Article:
A copy of this work was available on the public web and has been preserved in the Wayback Machine. The capture dates from 2020; you can also visit the original URL.
The file type is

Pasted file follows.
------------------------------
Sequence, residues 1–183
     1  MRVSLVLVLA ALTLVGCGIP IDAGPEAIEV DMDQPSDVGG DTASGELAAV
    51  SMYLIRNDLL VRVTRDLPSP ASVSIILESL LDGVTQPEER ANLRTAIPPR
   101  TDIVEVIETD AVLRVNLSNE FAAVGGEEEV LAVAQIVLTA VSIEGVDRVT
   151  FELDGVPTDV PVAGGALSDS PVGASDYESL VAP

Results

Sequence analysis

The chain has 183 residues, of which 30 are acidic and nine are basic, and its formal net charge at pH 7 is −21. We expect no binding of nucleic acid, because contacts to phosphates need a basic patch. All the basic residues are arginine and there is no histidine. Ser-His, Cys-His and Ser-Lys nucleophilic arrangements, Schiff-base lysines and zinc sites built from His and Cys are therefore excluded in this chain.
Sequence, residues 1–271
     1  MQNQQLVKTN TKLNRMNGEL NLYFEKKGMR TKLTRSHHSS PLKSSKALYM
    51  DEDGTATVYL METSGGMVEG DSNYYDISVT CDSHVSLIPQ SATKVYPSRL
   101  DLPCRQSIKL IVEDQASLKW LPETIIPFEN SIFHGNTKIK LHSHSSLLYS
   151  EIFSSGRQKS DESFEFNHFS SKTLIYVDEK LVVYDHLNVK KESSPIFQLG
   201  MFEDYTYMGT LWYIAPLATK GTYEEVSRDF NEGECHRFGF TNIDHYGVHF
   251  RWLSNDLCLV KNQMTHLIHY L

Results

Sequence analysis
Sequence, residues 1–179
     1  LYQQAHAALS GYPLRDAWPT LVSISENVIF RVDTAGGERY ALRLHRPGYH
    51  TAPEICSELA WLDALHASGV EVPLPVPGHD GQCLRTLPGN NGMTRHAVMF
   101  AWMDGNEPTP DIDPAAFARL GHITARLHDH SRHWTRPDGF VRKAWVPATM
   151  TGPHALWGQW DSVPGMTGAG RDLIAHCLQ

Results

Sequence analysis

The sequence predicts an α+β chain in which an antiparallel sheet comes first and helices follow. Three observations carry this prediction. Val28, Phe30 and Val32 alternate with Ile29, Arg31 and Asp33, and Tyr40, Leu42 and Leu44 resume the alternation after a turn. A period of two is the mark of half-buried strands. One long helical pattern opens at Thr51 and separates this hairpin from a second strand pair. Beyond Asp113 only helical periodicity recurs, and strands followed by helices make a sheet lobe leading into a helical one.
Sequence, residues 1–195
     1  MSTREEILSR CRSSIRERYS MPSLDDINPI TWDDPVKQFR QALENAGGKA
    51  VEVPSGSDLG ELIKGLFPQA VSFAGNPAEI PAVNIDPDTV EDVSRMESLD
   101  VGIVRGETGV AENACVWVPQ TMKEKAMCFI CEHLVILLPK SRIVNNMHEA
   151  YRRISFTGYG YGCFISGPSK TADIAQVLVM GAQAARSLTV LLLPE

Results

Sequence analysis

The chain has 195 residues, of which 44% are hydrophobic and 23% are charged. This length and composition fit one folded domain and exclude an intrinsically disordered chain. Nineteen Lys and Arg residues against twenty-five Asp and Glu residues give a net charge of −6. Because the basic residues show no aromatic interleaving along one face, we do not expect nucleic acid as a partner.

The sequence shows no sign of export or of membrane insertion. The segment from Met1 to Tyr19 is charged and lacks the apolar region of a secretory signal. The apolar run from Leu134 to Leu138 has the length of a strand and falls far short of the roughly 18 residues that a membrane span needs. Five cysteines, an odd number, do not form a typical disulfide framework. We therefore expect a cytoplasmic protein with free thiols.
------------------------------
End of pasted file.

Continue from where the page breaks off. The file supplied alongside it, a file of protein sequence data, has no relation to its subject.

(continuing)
I first encountered the work of Miriam Hansen as a graduate student in the mid-1990s when her book BABEL AND BABYLON was the talk of the (at that time still fairly modest) film studies town – even though it was sitting somewhat uneasily on the fence. In fact, it was this position beyond the canonical that made the book so attractive in the first place. It did not fit into the raging debate of that time between psychosemiotics and neo-formalism, nor did it offer the (often too schematic anddoi:10.25969/mediarep/15066 fatcat:6laknkuq2fg45jguih2y436dlu